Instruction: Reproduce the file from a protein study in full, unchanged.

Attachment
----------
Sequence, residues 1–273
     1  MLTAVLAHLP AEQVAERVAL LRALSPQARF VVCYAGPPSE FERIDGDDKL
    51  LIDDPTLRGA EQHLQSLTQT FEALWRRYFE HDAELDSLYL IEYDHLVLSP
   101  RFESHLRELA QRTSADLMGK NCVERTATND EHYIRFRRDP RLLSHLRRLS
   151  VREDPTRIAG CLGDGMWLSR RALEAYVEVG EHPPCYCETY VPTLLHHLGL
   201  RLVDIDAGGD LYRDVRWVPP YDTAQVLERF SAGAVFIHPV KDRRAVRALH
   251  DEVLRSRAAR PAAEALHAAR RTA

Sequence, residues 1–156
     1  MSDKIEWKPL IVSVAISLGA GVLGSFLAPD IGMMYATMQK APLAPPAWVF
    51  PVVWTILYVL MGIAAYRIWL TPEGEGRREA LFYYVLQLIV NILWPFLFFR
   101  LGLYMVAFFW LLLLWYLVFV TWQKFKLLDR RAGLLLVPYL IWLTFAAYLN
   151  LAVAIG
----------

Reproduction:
Sequence, residues 1–273
     1  MLTAVLAHLP AEQVAERVAL LRALSPQARF VVCYAGPPSE FERIDGDDKL
    51  LIDDPTLRGA EQHLQSLTQT FEALWRRYFE HDAELDSLYL IEYDHLVLSP
   101  RFESHLRELA QRTSADLMGK NCVERTATND EHYIRFRRDP RLLSHLRRLS
   151  VREDPTRIAG CLGDGMWLSR RALEAYVEVG EHPPCYCETY VPTLLHHLGL
   201  RLVDIDAGGD LYRDVRWVPP YDTAQVLERF SAGAVFIHPV KDRRAVRALH
   251  DEVLRSRAAR PAAEALHAAR RTA

Sequence, residues 1–156
     1  MSDKIEWKPL IVSVAISLGA GVLGSFLAPD IGMMYATMQK APLAPPAWVF
    51  PVVWTILYVL MGIAAYRIWL TPEGEGRREA LFYYVLQLIV NILWPFLFFR
   101  LGLYMVAFFW LLLLWYLVFV TWQKFKLLDR RAGLLLVPYL IWLTFAAYLN
   151  LAVAIG